Accidental Purchases: Blame Package Design


Poor package design is costing marketers more than $2 billion in U.S. sales as consumers are accidentally reaching for copycat house brands that are meant to look like the well-known branded products.

According to a new study by strategy and design agency The Brand Union, 70% of consumers said they had purchased the wrong product in a supermarket in the past year. Some 60% said they had trouble differentiating products on a store shelf due to the packaging. The most confusing categories: canned goods; cold and allergy products and hair care items. (Of the 23% of consumers who said they were confused by the canned goods category, 42% said they ended up purchasing the wrong product.)

Copycat packaging tends to be the biggest factor when it comes to accidental purchases. According to the study, half of consumers said they accidentally purchased the wrong product because they were misled by the color or name of the imitator. "The biggest problem is happening when you have copycat brands, and weak design in the category in general," JR Little, a senior strategist at Brand Union and one of the study's authors, tells Marketing Daily.



While many consumers said they were fooled by the packaging of store brands in particular, many retailers are looking to give house brands a brand identity (Target's Up and Up, or Wal-Mart's Good Value brands), which may change the equation, says Brian Rafferty, executive director of research and strategy for Brand Union and another author of the study.

"Many store brands are moving away from the copycats to their own brand identification," Rafferty says. "Shoppers are now aware enough of store brand quality that they don't have to rely on copycat [packaging] for accidental sales."

Meanwhile, established marketers looking to change their package design may want to tread carefully. As Tropicana learned last year when it changed its packaging, only to find sales drop 20%, consumers often don't respond well to change.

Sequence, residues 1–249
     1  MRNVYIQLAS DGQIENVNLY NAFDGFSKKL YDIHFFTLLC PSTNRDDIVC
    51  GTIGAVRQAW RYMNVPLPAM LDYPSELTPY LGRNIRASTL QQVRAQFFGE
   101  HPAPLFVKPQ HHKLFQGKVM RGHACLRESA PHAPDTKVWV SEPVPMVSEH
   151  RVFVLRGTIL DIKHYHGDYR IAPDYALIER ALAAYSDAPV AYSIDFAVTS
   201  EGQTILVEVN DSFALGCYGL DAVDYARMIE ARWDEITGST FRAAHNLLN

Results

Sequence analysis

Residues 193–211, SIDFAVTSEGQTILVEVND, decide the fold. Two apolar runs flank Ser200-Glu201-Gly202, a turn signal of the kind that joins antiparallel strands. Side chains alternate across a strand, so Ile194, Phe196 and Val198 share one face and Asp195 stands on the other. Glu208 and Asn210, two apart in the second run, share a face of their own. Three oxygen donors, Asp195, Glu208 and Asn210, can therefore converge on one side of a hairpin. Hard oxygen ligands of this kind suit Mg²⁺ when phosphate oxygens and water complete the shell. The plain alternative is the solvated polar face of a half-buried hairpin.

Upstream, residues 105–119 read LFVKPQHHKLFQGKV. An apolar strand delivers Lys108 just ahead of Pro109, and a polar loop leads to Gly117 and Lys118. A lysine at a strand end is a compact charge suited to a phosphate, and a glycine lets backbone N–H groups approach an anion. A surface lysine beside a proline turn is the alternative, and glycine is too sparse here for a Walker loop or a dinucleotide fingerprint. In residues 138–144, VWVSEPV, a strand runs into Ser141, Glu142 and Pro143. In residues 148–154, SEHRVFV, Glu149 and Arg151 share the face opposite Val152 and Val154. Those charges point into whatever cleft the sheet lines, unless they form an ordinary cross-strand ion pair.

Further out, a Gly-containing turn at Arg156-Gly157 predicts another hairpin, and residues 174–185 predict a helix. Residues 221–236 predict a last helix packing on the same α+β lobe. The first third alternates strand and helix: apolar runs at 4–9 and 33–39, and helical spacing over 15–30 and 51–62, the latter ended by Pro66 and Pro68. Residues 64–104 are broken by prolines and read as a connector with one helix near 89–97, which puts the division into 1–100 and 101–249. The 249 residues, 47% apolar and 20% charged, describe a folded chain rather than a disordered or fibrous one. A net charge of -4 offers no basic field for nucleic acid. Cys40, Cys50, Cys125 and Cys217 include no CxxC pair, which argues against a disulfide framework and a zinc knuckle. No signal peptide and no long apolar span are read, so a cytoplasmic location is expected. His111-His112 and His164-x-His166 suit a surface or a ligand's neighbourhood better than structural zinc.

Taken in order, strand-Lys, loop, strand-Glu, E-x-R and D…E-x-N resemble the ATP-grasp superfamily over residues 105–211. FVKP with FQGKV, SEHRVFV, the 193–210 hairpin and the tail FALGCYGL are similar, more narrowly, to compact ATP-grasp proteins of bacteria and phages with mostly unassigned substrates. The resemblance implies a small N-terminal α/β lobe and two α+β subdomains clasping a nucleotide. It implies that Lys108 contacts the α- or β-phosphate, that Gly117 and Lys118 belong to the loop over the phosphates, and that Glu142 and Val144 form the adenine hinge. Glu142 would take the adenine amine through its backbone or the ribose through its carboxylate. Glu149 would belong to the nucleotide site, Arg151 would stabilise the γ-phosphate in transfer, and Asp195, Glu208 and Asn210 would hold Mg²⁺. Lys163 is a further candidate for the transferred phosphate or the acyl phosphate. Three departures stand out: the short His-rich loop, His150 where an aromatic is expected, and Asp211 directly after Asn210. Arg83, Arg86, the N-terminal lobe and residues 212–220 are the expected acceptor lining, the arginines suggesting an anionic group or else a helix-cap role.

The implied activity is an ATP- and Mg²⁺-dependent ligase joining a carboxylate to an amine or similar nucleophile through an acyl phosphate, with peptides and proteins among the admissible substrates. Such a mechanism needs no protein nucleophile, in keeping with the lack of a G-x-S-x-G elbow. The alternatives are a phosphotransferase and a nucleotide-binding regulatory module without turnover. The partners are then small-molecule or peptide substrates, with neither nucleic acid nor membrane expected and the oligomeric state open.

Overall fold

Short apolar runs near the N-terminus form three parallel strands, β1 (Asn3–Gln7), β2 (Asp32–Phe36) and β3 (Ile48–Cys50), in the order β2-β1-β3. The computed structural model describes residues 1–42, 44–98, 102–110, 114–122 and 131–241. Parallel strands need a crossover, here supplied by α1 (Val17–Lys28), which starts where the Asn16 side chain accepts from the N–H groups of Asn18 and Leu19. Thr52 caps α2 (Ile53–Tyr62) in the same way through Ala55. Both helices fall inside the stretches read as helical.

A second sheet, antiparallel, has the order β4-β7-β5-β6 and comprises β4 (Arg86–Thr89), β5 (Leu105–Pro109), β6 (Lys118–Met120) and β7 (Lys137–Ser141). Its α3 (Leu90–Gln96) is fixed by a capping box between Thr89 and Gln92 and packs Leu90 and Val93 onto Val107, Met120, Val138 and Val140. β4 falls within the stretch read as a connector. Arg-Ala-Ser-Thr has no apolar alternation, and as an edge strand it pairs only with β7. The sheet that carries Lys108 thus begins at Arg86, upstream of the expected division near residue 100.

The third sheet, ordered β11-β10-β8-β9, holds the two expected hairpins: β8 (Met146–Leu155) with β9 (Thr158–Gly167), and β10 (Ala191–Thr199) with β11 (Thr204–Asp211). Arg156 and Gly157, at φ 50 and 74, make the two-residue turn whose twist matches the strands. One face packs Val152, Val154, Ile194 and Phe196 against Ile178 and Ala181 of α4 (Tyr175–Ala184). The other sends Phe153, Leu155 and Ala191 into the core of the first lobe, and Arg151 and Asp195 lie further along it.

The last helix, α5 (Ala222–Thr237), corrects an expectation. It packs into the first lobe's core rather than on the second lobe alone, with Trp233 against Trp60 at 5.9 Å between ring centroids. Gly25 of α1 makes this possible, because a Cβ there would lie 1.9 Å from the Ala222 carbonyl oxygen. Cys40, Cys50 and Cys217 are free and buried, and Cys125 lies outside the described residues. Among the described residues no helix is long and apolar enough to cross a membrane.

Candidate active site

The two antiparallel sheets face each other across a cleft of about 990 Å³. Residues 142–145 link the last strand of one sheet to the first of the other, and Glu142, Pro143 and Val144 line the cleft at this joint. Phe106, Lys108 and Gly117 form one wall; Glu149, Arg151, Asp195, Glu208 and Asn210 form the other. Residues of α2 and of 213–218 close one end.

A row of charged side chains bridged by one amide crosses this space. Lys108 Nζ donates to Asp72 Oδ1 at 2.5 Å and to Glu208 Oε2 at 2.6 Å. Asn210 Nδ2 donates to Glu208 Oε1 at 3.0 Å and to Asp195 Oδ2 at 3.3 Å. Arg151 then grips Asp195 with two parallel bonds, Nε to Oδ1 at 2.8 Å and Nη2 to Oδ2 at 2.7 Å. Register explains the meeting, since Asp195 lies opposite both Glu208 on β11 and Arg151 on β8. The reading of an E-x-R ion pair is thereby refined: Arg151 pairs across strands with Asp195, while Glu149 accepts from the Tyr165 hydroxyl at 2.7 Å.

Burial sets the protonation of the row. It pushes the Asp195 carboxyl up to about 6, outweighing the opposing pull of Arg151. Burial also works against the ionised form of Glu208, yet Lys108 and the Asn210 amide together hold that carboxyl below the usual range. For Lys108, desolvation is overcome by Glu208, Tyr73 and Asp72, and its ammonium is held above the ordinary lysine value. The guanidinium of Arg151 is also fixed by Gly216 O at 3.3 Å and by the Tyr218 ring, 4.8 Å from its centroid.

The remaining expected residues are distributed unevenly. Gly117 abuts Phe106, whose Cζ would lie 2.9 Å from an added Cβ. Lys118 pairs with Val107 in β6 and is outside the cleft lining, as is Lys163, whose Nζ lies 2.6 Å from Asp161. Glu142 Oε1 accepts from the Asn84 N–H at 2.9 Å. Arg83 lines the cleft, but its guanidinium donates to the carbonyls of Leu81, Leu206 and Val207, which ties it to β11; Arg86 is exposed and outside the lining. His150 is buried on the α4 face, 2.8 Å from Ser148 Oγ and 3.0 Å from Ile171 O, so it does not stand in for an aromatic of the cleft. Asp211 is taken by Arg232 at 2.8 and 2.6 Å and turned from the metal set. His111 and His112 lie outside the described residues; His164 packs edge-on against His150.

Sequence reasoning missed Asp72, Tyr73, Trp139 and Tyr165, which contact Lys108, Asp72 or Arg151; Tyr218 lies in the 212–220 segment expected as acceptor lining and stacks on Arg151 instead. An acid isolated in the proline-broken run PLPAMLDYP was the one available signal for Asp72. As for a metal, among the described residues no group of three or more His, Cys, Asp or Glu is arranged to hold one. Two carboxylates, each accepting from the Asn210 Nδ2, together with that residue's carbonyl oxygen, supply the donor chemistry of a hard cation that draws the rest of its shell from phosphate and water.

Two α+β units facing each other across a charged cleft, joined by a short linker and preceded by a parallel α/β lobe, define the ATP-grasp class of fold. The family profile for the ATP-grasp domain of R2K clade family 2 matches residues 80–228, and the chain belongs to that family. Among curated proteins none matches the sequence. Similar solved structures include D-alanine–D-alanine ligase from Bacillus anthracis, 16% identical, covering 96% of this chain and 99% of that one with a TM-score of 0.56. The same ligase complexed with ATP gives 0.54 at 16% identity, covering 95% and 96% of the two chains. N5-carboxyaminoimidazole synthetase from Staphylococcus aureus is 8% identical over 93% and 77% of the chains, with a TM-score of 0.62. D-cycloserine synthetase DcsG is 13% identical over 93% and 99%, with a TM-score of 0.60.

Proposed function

In fact, more than three-quarters of consumers said they view package design changes as a "marketing tactic," while only 14% said it represented an improvement in quality. The lesson: Communicate the product and consumer benefits to a package redesign, Rafferty says. "It's important to communicate the benefits of redesign to consumers," he says. "Also, what's the overall brand impression and is [the new packaging] still managing to convey what that is."

2 comments about "Accidental Purchases: Blame Package Design ".
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  1. Michael david Gold from Goldforest, October 29, 2009 at 9:58 a.m.

    Your article brings to mind research done by my own firm in the area of private label package design. We identified three reasons that national brands allow retailers to copy their trade dress instead of suing for trademark infringement.

    First and most obvious: the cost in lost sales that could come from suing a good customer. But secondly, imitation is the sincerest form of flattery, and copycat packaging signals the consumer that the product inside is just an imitator. The real thing's going to cost a bit more. Finally, similar looking packages displayed next to the original serves to increase the "apparent" shelf space and overall presence of the national brand, drawing in customers who are actively searching for it.

    The author correctly points out that some forward looking retailers have moved beyond copycat packaging. But our research shows that copycat design is still the dominant strategy in supermarkets and drug chains.

    To national brands, sales lost due to the accidental purchase of private label equivalent product represent lost revenue. But not enough to shift the balance of the above equation. The cost to retailers of those customers who are misled by copycat design is in goodwill, and not enough to invoke a new approach to design strategy. Therefore it's likely that copycat packaging will be with us for a good while to come.

  2. Hilary Allard from the castle group, October 30, 2009 at 2:12 p.m.

    With new line extensions being introduced daily, coming home with right "sugar-free," "low fat" or "reduced sodium" version of a product is increasingly challenging, making packaging all the more important.

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